14:57

I think one of just to add to that, I think one of the That’s been interesting to see like, I mean, we don’t have a lot of information on all of our customers, but we have some. And it’s interesting to see there’s a lot of solopreneur types that are doing something on their own. And you know, those people especially wear a lot of hats. So they tend to not have time to they don’t get to their content, or they always feel stressed about it, because they’re juggling too many things. So we have a lot of people like that. And we’ve had surprising ones, like a police department, I remember when I was handling the shipping, I remember shipping to some police department, and some universities, I mean, it’s just been churches, churches, and a lot of you know, like artisan crafter, type people, whether they’re photographers or, you know, like all the typical things like designers and stuff, but all kinds of like, crazy other things. And then, you know, the affiliate marketer, blogger type people. So I mean, it’s really, like, it’s interesting, like, we’re gonna try to focus on some verticals, because we can target for that with our ads and stuff. But, you know, it’s, it’s just been surprising, and we have a lot more beginners than we expected. Which we know that just from the questions that we get asked a lot. So you know, every once in a while, we end up jumping on zoom with somebody to really just help them get started, because they’re just even overwhelmed by the plan or sometimes. But yeah, so I think it’s kind of evolving, I think we have probably need to do another six hour zoom kitman. Some of the newer avatars that have emerged.

 

16:40

Yeah, I know, when I talked to my clients, and they say, I struggle with content creation. And the first thing I tell them to us, you need to look at the planner, and, you know, and I’m not just saying that they, it’s well put together and, and some of them don’t know how to plan, like, it’s what it’s designed for, right? They, you look at your content strategies, and they kind of what I call half hazard, oh, today, I’ll throw the tweet, we’re out, wrote an Instagram post, tomorrow, throw the Facebook post, and there’s no plan in mind of where those are going. It’s just a beat,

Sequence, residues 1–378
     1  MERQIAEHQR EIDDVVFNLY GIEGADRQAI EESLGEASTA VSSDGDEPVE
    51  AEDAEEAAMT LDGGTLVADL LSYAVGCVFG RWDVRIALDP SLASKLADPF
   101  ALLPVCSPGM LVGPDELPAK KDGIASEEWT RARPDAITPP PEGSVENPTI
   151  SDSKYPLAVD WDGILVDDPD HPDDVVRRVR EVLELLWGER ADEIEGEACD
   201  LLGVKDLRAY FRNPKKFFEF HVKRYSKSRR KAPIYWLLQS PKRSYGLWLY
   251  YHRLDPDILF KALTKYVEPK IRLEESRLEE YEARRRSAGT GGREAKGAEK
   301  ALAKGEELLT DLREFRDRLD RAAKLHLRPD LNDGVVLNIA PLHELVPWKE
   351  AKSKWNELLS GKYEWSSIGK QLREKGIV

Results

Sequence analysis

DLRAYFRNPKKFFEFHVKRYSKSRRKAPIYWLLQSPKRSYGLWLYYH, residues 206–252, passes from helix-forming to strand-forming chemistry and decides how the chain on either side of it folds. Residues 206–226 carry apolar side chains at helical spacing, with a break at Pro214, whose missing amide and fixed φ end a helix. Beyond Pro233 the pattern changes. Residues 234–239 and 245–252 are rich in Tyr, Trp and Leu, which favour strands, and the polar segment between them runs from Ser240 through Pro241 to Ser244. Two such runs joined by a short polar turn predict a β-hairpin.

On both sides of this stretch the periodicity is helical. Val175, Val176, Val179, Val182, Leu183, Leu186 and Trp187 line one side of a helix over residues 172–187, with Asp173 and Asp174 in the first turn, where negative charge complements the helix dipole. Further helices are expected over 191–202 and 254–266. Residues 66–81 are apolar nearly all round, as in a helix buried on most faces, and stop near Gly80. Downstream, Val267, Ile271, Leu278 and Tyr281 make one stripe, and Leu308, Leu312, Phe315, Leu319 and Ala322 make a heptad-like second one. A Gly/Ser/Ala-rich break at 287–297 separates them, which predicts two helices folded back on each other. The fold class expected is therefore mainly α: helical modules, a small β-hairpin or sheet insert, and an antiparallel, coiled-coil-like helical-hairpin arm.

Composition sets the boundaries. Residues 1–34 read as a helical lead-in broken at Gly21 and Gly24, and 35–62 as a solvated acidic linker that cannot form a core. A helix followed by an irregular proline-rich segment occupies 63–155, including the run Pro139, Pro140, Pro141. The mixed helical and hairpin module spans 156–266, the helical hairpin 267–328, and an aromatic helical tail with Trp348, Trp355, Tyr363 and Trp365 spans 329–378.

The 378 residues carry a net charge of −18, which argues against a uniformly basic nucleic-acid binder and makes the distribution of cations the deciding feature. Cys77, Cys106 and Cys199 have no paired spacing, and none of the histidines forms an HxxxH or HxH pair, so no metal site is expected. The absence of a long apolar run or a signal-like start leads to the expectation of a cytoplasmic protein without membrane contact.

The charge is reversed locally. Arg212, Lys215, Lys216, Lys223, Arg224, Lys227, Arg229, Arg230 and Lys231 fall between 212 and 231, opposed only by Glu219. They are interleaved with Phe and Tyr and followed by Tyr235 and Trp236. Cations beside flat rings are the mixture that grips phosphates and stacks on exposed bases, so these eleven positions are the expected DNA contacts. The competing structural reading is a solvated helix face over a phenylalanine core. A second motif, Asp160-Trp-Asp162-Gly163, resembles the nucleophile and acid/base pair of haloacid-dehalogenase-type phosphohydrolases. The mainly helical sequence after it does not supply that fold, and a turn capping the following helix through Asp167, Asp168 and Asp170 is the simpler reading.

17:18

or why they’re even doing it,

 

17:20

which is noise, by the way. You know, I actually was showing off the, the Trello board the other day to interest in going to a member of Toronto Police. And I was kind of hoping to get them interested in them for you guys, because they’re actually one of the most connected police departments on social media in the world. And, and they, they always struggle with their content. There are people in their corporate comms department that says, and you kind of I kind of look at this stuff and say, wait a minute, why do you Why are you guys doing what you’re doing? You know,

 

17:59

it’s going to be timely, not that to go sideways. But police departments. I mean, a solid content strategy would probably be really beneficial and timely in the us right now.

 

18:11

Oh, yeah. No, no question. One of my good friends just retired. And he was one of the big reasons Toronto Police are where they are in social media to consider the world leader. And, and he said, you know, the bridges and the stuff that they had to break down to make this happen. And with what’s going on in the US, there’s a multitude of things, one, are you putting out the right content? And to even if you’re scheduling content, do you know what content you’re putting out? So if you have to pull back content, because of the situation in the US on a daily basis? Can you do that?